Blessed are the Poor in Spirit
The Lord Jesus went up to the mountain, and when
He had sat down, His disciples came to Him. Then He began to teach them,
saying, “Blessed are the poor in spirit, for theirs is the kingdom of heaven”
One who is poor in spirit is
humble in his speech and actions. There was a Pharisee who prayed to God
saying, “God, I thank thee that I am not like other men, extortioners,
unjust, adulterous ... I fast twice a week, I give tithes of all that I get” (Lk 18:9-12). In contrast, Paul, who was eloquent, a student
of Gamaliel, educated according to the strict manner
of the law of the Pharisees and a zealous servant of God, was extremely humble.
He wrote, “Not that I have already obtained this or am already perfect; but I
press on to make it my own, because Christ Jesus has made me his own. Brethren,
I do not consider that I have made it my own; but one thing I do, forgetting
what lies behind and I straining it forward to what lies ahead” (Php 3:12-13).
And one who is humble will always
accept the criticisms of others. Job was blameless and upright, one who feared
God and turned away from evil but at the same time he was self-righteous. So
God reproached Job out of the whirlwinds, “Shall a fault-finder contend with
the Almighty? He who argues with God, let him answer it” (Job 40:1-2). Job
finally confessed, “Behold, I am of small account; what shall I answer thee?”
and “therefore I despise myself, and repent in dust and ashes” (Job 42:1-6).
Before this the spirit of Job was full but after this his spirit was empty. It
was well that Job confessed before God of his self-righteousness. One who is
humble is like a servant before his master, always lowly and helpless. He will
not boast of his achievements but is ready to accept criticisms.
The kingdom of heaven belongs to
those who are poor in spirit. The Ethiopian eunuch was a minister of Candace,
queen of the Ethiopians, in charge of her treasures. Though he was rich and in
a high position, he was poor in spirit. He traveled across the wilderness to Jerusalem to worship God.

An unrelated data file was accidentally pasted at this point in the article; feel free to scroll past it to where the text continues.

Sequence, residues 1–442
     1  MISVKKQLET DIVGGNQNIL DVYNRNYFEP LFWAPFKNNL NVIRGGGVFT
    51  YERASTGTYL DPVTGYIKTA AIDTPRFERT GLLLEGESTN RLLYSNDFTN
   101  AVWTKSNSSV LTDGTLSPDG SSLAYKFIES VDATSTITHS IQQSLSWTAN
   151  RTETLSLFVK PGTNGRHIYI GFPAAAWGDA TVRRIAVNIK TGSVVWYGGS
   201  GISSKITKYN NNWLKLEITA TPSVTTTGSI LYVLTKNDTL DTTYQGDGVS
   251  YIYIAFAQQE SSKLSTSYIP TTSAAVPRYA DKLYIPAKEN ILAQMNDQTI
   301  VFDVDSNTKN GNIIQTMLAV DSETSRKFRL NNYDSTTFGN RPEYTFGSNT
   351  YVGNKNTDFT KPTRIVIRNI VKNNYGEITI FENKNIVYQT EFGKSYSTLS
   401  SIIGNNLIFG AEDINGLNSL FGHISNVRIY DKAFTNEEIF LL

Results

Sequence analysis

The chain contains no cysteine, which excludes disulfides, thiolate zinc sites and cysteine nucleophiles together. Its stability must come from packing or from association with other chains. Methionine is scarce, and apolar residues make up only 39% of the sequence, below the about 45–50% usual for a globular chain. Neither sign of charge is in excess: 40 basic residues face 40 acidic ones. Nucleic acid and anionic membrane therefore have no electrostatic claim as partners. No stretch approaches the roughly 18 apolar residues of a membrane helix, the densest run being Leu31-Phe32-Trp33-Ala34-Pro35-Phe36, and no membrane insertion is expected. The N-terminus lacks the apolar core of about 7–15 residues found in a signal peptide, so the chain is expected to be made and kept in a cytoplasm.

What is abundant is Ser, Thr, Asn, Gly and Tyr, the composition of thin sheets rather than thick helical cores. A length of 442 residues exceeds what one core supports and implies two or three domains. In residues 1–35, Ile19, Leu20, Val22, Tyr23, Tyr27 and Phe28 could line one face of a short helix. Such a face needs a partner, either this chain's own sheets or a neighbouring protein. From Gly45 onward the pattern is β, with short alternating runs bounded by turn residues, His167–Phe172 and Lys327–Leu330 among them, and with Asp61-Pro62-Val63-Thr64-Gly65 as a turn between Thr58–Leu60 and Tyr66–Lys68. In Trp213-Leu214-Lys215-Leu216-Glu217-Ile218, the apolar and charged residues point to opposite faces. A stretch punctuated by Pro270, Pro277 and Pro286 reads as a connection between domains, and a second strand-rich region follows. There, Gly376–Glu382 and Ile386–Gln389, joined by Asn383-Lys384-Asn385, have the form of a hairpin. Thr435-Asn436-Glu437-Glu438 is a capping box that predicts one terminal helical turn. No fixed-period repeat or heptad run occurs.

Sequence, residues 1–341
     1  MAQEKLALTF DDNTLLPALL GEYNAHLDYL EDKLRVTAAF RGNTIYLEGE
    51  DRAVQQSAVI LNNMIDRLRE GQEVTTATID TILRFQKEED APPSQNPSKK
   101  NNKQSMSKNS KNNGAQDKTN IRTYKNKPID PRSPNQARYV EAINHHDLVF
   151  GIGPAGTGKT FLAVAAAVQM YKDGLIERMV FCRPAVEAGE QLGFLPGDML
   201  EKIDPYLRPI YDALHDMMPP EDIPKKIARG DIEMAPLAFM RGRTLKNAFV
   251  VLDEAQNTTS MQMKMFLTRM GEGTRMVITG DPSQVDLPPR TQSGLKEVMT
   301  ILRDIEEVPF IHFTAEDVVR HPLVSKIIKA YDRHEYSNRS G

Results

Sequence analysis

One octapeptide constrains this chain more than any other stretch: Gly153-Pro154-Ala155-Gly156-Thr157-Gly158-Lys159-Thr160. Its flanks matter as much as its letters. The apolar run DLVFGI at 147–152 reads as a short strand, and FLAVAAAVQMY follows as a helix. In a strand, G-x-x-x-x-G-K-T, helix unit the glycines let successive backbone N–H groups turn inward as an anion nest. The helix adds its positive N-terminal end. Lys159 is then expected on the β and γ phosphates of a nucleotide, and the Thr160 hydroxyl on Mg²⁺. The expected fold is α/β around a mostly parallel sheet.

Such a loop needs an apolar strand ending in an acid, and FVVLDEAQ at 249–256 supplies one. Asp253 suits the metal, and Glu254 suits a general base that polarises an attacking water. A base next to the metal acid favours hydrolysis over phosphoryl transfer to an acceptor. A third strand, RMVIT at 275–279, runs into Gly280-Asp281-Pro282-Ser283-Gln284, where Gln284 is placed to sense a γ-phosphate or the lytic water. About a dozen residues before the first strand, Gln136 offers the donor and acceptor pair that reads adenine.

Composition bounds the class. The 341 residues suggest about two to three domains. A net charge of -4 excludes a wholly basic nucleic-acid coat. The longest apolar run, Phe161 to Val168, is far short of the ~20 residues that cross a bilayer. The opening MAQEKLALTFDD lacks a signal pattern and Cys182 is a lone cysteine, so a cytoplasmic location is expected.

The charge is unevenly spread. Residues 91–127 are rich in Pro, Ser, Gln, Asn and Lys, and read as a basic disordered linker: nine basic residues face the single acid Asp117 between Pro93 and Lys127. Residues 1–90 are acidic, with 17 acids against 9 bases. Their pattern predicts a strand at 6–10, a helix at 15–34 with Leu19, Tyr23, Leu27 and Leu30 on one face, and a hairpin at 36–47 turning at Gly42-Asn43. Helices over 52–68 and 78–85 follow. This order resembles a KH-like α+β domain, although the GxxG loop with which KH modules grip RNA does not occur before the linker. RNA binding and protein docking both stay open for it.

On his way back he was reading the Book of Isaiah but he could not understand
it. Philip, the evangelist, went up to him and asked, “Do you understand what
you are reading?” The eunuch replied humbly, “How can I,
unless someone guides me?” He then invited Philip to go up his chariot. Philip
preached the gospel to him. He was humble enough to receive the truth. On the
same day both Philip and the eunuch went into the water and Philip baptized the
eunuch. After his baptism, the eunuch continued on his homeward journey
joyfully. The eunuch was rejoicing because he was confident that he could go to
heaven for his sins were forgiven. This eunuch was poor in spirit and was
willing to accept the teachings of God. So his sins were forgiven (Ac 8:25-40).
there was a man named Cornelius, a centurion of the Italian Cohort, a devout
man who feared God with all his household, gave alms
liberally to the people and prayed constantly to God. Despite his high position
and charitable deeds he was poor in spirit. When an angel of the Lord
instructed him to invite Peter to his house, he quickly called two of his
servants and a devout soldier to send for him, while he and his kinsmen and
close friends waited. When Peter finally came, Cornelius met him and fell down
at his feet and worshipped him. Because he was so humble that God blessed him
and all those who heard the word with the Holy Spirit.
In order to enter the kingdom of God we must be humble because “God
opposes the proud but gives grace to the humble” (1 Pet 5:5). The kingdom of
heaven is yours if you are humble. So, let us all be humble.